I’ve noticed a trend recently with a number of clients and agencies asking us if word of mouth applies to B2B. The answer is indubitably yes – eMarketer’s study showed that WOM had become far and away the biggest influence on US business decision makers by 2007; Forrester researcher Laura Ramos predicted last October that traditional B2B marketing would soon be virtually obsolete; DuPont’s Gary Sandler has long been an authoritative advocate.
However, B2B WOM marketing maintains a much lower profile than B2C, not just because social media commentators are less likely to pick up on B2B ventures, but because valuable WOM means something a little different in this space.
B2B WOM is rarely about achieving enormous reach. If you’ve found a great supplier, you may want to keep them to yourself, and the people you want to connect with are likely to be more selective and close-knit. Typical B2B ‘consumers’ will form a much smaller group than B2C, but each of those people is likely to have much more individual influence. The key here is in building deeper, richer, more sustained and more inspiring relationships with fewer people, rather than aiming for the more widely spread adovacy tribe of a B2C WOM project.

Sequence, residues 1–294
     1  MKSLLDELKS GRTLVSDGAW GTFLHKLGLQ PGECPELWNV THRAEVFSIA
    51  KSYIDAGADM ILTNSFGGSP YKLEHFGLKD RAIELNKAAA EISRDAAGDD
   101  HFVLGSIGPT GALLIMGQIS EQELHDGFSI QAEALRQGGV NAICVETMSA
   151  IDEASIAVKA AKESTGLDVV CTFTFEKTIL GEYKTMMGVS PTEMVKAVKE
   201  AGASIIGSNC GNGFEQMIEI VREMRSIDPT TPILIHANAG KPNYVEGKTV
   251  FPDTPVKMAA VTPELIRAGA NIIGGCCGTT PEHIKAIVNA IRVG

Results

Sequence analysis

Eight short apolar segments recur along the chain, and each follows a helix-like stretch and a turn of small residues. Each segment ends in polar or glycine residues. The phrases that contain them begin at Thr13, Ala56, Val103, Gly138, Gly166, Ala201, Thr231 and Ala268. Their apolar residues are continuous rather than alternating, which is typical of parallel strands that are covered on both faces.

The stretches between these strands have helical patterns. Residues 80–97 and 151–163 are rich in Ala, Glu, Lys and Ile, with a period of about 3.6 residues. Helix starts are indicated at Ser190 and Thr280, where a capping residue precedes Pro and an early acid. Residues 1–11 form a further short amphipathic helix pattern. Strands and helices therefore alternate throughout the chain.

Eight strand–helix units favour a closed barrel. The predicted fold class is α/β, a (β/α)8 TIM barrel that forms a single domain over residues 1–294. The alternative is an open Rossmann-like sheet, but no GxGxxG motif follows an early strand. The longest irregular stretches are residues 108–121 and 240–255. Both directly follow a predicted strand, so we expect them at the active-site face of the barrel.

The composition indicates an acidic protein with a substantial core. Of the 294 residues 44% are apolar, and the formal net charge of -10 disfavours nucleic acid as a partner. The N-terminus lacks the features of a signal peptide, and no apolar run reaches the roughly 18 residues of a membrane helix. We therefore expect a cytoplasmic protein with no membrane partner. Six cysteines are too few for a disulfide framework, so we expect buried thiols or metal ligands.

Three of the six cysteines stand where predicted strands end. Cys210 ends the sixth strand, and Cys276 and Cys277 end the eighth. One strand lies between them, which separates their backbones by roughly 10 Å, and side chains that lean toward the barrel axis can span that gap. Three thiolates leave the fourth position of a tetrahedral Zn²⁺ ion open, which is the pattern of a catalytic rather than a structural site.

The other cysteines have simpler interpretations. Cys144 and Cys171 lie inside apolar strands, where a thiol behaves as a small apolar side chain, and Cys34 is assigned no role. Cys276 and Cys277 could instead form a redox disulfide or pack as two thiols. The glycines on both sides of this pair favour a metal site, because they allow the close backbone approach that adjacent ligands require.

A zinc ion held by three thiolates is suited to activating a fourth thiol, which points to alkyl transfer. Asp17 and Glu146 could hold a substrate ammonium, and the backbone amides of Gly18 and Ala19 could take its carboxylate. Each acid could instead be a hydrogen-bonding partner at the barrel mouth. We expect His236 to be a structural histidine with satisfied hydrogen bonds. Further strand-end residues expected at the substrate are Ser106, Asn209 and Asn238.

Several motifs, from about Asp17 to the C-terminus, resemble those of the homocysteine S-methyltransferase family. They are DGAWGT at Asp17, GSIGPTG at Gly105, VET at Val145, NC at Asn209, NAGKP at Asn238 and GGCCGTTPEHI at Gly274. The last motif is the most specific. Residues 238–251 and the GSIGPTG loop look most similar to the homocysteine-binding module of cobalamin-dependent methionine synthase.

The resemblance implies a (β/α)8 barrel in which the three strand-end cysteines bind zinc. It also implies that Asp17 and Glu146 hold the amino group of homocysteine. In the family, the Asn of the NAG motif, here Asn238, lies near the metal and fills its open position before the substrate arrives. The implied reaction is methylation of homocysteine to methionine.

However, the same overall approach in getting those individuals engaged with the brand applies, as social media and word of mouth continue to close the gap between our personal and professional selves. As the recent leap in on-site LinkedIn recommendations shows, we’re beginning to conduct our business and social lives on the same platforms, in similar ways. And a business buyer is also a personal consumer: if we’re seeing poor or little conversation about a brand and their products in our own communities, it can’t help but influence our B2B decisions.
So B2B WOM engagement needs to combine B2C philosophy with an understanding of the values in this specialised scape. Buyers are still human beings who essentially want to be heard by, and connected with, other likeminded people in emotive, exciting ways; but they also form a niche group in which the quality of relationships and conversations, not quantity, is key.